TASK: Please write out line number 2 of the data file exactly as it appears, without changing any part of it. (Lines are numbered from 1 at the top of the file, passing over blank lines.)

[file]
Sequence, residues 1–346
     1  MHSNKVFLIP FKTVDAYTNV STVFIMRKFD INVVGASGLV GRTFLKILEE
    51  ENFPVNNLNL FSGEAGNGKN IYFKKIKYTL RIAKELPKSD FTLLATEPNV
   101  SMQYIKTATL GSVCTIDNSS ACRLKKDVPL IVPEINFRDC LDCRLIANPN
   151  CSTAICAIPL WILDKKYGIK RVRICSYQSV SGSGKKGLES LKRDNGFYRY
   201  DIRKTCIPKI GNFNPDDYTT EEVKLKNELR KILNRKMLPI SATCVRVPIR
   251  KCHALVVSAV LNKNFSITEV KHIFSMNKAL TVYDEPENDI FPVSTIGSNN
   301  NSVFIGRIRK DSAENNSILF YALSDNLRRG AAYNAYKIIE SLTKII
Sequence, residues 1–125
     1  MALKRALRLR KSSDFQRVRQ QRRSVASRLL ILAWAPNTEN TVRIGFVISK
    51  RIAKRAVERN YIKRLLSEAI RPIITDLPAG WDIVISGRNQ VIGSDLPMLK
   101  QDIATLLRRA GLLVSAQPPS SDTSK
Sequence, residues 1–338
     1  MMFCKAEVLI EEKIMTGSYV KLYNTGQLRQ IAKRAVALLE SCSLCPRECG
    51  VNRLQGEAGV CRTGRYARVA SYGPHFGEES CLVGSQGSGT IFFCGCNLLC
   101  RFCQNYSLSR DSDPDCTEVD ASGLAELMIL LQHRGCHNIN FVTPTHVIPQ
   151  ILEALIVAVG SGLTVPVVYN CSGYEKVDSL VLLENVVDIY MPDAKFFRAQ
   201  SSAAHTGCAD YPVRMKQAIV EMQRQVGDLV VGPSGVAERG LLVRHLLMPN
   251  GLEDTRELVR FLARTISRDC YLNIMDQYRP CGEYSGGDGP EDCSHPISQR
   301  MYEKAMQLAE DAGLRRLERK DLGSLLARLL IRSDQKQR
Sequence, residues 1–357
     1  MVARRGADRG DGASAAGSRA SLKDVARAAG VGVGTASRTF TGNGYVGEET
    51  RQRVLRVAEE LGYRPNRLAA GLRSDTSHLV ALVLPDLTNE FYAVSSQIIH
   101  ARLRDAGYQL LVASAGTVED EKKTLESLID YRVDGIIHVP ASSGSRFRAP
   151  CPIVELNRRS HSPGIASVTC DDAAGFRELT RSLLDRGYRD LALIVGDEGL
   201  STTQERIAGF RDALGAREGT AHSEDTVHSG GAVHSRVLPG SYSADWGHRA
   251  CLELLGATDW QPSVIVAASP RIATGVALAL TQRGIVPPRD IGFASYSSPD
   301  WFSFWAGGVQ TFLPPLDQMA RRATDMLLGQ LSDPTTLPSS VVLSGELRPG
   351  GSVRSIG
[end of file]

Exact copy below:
     1  MHSNKVFLIP FKTVDAYTNV STVFIMRKFD INVVGASGLV GRTFLKILEE